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Changes in genome topology accompany cell reprogramming
Overexpression of reprogramming factors drives somatic cells to become induced pluripotent stem cells (iPSCs). Although iPSCs are able to contribute to all tissues, there is evidence that the differentiation propensity of iPSCs reflects their tissue of origin.
To understand whether the 3D genome structure contributes to differentiation bias of in iPSCs, a team led by Thomas Graf from Pompeu Fabra University in Barcelona sought to understand how genome topology changes during reprogramming of somatic cells. They found the following:
Taken together, these data show that changes in genome topology accompany cell reprogramming. Established pluripotent cells share the same topology regardless of their cell of origin, although early passage cells have some differences.
Read the full paper in Cell Stem Cell, March 2016.
Role of N6-methyladenine in epigenetic silencing
DNA methylation is commonly thought to occur in mammals solely as 5-methylcytosine. Although existence of N6-methyladenine (N6-mA) in organisms such as insects, nematodes and green algae – where it has a gene activating role – its presence has not previously been confirmed in mammals.
A team led by Andrew Xiao from Yale School of Medicine, Connecticut have uncovered evidence of N6-adenine modification in mammals. They found the following:
These results demonstrate that N6-mA has a role in epigenetic silencing in mammals, distinct from its gene activating role in other organisms.
Read the full paper in Nature, March 2016.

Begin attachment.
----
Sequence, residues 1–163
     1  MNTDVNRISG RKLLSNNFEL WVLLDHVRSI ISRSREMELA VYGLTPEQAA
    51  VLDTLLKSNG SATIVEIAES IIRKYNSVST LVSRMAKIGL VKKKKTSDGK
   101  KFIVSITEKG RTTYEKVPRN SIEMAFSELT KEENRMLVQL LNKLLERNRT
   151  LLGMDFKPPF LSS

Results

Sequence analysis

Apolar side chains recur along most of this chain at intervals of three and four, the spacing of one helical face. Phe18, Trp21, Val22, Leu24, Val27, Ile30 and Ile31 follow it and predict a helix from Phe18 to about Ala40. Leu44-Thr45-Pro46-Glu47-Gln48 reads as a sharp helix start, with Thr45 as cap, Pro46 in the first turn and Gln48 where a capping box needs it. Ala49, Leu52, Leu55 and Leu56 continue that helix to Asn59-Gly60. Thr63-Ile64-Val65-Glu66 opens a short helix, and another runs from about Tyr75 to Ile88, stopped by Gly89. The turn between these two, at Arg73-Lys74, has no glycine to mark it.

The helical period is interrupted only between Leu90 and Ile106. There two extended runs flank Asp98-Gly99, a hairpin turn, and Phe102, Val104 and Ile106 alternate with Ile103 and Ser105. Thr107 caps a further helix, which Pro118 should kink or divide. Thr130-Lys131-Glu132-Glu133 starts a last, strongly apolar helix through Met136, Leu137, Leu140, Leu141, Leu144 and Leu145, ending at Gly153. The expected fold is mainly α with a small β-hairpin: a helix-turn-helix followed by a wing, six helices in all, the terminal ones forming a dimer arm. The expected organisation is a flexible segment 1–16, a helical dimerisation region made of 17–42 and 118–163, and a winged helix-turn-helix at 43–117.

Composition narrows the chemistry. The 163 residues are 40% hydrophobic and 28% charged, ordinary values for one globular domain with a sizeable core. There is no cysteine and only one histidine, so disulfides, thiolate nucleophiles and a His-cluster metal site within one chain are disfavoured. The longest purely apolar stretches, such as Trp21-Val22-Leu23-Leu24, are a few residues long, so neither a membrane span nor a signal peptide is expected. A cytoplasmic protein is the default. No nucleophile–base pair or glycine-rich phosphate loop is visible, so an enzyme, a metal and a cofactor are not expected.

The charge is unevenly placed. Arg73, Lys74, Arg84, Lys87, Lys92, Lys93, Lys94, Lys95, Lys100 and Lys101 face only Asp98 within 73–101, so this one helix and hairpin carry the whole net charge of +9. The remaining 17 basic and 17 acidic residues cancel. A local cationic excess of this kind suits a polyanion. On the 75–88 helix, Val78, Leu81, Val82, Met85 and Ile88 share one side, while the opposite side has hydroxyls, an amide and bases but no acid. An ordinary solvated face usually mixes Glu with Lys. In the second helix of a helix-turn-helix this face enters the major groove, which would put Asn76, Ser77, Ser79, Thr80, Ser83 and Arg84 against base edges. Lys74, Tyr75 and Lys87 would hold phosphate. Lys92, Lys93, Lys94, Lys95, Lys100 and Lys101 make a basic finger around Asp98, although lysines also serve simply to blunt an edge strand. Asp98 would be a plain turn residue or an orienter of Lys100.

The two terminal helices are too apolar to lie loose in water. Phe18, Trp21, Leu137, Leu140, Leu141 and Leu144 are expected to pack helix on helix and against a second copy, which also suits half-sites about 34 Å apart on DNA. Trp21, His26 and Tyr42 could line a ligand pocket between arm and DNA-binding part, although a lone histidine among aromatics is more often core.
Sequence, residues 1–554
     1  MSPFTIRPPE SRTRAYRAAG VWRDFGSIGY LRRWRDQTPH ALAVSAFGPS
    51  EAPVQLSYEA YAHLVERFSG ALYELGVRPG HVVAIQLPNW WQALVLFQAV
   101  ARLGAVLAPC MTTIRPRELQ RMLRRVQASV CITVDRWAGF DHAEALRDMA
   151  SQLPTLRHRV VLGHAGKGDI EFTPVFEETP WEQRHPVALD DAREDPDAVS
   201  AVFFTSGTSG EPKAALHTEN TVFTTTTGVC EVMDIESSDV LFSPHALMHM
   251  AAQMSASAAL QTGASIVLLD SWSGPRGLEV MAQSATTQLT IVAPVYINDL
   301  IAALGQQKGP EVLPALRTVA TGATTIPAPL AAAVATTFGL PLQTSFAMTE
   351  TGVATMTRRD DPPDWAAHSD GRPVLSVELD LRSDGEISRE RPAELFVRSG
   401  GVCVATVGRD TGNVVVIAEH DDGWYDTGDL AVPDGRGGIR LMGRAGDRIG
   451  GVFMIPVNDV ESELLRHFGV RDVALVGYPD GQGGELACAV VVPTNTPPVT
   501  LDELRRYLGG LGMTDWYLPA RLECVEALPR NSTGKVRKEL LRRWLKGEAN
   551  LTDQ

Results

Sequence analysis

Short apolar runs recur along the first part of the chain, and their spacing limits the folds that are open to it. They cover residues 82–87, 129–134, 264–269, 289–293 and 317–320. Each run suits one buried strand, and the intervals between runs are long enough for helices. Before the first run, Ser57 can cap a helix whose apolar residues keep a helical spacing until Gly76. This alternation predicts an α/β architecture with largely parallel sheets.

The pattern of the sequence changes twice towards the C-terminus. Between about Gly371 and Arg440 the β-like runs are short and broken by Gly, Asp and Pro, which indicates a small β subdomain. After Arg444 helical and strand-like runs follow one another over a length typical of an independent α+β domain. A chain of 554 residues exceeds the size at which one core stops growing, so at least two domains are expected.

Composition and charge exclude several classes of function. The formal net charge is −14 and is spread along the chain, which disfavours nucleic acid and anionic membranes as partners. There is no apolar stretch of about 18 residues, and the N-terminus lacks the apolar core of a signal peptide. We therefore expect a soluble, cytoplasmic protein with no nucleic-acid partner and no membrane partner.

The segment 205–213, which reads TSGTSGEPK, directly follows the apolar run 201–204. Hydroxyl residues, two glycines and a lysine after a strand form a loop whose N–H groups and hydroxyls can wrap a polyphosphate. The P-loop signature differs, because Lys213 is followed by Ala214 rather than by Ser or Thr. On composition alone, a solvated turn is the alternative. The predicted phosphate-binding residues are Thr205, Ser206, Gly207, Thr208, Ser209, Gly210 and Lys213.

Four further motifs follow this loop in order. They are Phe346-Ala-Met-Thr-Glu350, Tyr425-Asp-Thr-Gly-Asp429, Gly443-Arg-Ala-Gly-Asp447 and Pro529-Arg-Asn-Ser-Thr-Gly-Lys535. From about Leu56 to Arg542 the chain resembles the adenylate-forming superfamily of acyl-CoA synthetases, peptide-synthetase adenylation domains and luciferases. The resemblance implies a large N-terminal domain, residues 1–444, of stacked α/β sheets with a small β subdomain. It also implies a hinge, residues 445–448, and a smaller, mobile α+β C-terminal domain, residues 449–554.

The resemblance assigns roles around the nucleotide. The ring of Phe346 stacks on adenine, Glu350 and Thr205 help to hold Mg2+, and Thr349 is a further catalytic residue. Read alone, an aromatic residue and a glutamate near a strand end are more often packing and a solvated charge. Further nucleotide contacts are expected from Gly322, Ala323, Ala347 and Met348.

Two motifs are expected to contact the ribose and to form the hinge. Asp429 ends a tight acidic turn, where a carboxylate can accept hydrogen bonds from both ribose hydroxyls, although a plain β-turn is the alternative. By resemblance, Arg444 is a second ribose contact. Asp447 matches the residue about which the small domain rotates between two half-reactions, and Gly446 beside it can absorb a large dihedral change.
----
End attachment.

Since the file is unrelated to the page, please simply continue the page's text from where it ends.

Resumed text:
Cell fate determination begins the four-cell stage
Segregation of the trophectoderm (TE) and inner cell mass (ICM) occurs primarily as a result of asymmetric cell divisions in the pre-implantation embryo. However, it is still unknown when cells start to differ from each other in mammalian development, and whether the initial differences are important for subsequent cell fate.
To understand how and when embryonic and extra-embryonic cell fates are established, a team led by Magdalena Zernicka-Goetz from the University of Cambridge, UK characterized individual cell transcriptomes during pre-implantation development. Here is what they found:
These results indicate that cell fate is determined by heterogeneous expression of pluripotency factors from as early as the four-cell stage.
Read the full paper in Cell, March 2016.
Sox2 DNA-binding properties predict mammalian cell fate
Transcription factors Oct4 and Sox2 are involved in the pluripotent cell lineage in the early mammalian embryo. However, as most cells express these transcription factors, it remains unknown how only some cells acquire a pluripotent state.
To understand how transcription factor-DNA interactions change during cell fate determination in vivo, a team led by Nicolas Plachta from the Agency for Science, Technology and Research in Singapore investigated the DNA-bindnig dynamics of Oct4 and Sox2 in the developing mouse embryo. The found the following:
The results in this paper demonstrate that Sox2 DNA-binding properties predict mammalian cell fate at teh four-cell stage. The authors show that Sox2 DNA binding properties are driven by epigenetic changes.
Read the full paper in Cell, March 2016.
UTX is a coactivator of the TAL-1 transcriptional regulatory program
The role of sperm in embryonic gene expression
The epigenetic state of the sperm nucleus has been suggested to influence transcription in the embryo. However, this hypothesis has recently been questioned.
By comparing the development of sperm and spermatid-derived frog embryos, a team led by Jerome Jullien from the University of Cambridge, UK investigated the role of sperm in embryonic development. They found the following:
The results in the paper show that correct gene programming of paternal chromatin relies on effective H3K27me3-mediated repression at the spermatid to sperm transition.
Read the full paper in Genome Research, March 2016.